How the EU can improve its fight against child labour
MEP for the Greens/EFA Group in the European Parliament and Member of Ecolo
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How the EU can improve its fight against child labour
In this episode, Sarah Diedro is in conversation with MEP for the Greens/EFA group in the European Parliament and member of Ecolo Saskia Bricmont. They discuss the pressing issue of child labour and the European Union’s concerning footprint of child labour imports, as well as what can be done to lower it without pushing children into more dangerous activities.
Today we launch two episodes on forced and child labour. In the first episode, Sarah Diedro is in conversation with MEP for the Greens/EFA group in the European Parliament and member of the German Greens (Bündnis 90/Die Grünen) Anna Cavazzini. They discuss forced labour and what the European Union can do to tackle this critical issue, whilst also protecting the vulnerable people who suffer from it. In the second episode, Sarah Diedro is in conversation with MEP for the Greens/EFA group in the European Parliament and member of Ecolo Saskia Bricmont. They discuss the pressing issue of child labour and the European Union’s concerning footprint of child labour imports, as well as what can be done to lower it without pushing children into more dangerous activities.
In the second part of this podcast we want to tackle another very concerning issue: that of child labour. It is important to distinguish forced labour vs. child labour, aseven though there are child labour situations which can be assimilated as forced labour, in most of the cases child labour is due to the socioeconomic situation of the family and community. This situation has worsened during the pandemic as many families in the Global South have run out of income, and many schools have closed. This has led to a clear increase in child labour within low-income families and communities.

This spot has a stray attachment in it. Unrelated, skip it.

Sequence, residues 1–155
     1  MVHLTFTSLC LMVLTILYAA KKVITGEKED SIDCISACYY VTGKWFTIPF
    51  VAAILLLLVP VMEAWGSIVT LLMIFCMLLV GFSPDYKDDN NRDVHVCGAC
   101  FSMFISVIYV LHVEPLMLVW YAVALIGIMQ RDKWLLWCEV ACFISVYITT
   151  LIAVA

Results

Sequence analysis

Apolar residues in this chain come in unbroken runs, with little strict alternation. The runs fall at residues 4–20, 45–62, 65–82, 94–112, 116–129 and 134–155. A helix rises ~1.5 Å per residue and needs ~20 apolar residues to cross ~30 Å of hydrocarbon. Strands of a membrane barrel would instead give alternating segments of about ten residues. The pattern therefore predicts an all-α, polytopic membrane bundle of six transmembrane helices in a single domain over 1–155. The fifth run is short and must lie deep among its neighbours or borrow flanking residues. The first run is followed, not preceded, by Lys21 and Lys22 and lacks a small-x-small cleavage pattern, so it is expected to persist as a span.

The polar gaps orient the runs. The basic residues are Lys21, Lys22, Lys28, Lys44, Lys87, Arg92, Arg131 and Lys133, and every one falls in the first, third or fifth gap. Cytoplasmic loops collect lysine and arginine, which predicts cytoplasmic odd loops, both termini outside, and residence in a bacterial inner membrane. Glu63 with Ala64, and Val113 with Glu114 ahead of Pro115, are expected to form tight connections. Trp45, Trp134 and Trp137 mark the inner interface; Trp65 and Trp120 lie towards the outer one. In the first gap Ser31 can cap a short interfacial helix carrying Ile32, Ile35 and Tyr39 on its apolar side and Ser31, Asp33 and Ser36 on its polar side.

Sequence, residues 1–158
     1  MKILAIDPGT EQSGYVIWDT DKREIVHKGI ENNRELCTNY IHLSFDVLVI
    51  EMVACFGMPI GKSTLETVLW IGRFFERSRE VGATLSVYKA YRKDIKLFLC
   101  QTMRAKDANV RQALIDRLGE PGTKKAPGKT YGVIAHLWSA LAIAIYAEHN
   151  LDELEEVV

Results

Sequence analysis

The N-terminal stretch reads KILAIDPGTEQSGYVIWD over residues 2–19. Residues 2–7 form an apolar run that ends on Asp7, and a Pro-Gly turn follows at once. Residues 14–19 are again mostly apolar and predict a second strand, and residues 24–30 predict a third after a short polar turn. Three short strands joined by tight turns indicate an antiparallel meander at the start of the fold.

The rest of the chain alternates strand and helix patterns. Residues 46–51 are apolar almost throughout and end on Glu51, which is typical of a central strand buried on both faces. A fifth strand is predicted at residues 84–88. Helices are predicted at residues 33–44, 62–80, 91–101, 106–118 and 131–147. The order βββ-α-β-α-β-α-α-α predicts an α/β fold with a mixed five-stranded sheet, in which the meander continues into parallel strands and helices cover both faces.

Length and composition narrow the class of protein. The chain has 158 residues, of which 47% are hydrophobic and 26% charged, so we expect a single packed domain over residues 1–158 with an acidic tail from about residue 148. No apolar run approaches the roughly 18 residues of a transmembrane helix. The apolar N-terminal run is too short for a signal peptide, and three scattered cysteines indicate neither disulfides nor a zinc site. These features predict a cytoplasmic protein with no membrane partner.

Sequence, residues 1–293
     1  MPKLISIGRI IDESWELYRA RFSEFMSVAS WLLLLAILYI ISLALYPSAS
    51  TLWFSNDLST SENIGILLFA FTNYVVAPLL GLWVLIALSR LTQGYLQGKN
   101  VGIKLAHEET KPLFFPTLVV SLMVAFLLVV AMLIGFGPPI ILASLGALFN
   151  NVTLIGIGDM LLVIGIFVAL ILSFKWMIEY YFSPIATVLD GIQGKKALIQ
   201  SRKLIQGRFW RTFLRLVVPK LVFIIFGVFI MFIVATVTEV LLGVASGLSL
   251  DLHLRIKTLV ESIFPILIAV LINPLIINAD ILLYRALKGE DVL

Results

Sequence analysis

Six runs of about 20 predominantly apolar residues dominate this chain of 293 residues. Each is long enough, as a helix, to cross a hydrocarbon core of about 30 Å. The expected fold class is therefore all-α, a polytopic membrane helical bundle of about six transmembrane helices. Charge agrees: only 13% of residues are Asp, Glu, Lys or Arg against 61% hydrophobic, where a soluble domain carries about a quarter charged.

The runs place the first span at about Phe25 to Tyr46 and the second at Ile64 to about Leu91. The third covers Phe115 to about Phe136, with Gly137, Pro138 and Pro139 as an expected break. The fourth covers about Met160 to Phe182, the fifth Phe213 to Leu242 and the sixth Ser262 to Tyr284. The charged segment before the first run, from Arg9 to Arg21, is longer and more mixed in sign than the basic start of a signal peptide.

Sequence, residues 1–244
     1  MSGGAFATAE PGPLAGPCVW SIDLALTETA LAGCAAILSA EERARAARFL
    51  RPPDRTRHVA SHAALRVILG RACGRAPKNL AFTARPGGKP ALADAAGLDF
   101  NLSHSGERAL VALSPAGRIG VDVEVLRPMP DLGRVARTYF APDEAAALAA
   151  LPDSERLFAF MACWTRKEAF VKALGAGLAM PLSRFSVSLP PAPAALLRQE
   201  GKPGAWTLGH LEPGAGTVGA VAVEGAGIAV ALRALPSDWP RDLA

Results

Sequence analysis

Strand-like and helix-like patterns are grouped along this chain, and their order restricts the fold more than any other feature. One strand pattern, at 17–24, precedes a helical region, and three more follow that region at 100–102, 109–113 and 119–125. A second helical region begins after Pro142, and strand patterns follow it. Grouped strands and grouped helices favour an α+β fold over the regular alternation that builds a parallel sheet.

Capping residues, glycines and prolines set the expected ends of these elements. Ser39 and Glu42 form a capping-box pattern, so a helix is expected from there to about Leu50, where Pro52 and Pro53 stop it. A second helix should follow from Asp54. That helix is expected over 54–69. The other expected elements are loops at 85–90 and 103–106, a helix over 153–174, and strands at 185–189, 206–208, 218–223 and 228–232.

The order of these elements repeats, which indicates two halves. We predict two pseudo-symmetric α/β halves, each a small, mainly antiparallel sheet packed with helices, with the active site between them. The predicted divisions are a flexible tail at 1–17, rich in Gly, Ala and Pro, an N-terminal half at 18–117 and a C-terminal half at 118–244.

Green MEP Saskia Bricmont has commissioned a study called ’50 Billions Euros: Europe’s Child Labour Footprint in 2019′, published in May 2021. Its main finding is that 2,43% (or 1/41 of all EU imports) during 2019 consisted of products made with child labour. With the authors of the study, they have developed an application where detailed data (disaggregated by regions, countries, and products) can be found.
More than 80% of child labour related imports are coming from 3 sectors: agriculture, electronic and textile. How should the EU tackle this? Development cooperation and EU trade policies is the main response. Unconditional trade bans and sanctions would likely lower child welfare and increase child labour. That’s why an approach to child labour should consider the degree of socio-economic development of the EU trade partners. Therefore, a system of incentives and disincentives/sanctions depending on the country situation, could be put in place. These would consist of general aid (in form of European aid programmes such as the Neighbourhood, Development and International Cooperation instrument (NDICI); conditional aid (premised on performance tied to educational outcomes); conditional market access and trade preferences; surgical import bans; public procurement measures; creation of lists; or rebalancing measures (In order to be in a position to credibly challenge a trade partner on child labour ultimate outcomes, the EU should insert conditionality in re- negotiated and future trade deals, which in turn could trigger “rebalancing measures”).
Other measures concerning mandatory human rights due diligence and Investment Protection Agreements are considered in this study as well. Although the biggest changemakers are policymakers, there are other measures that citizens can take as consumers. They can demand more transparency, consume second hand products based on the circular economy, and educate and raise awareness within future generations on this matter.
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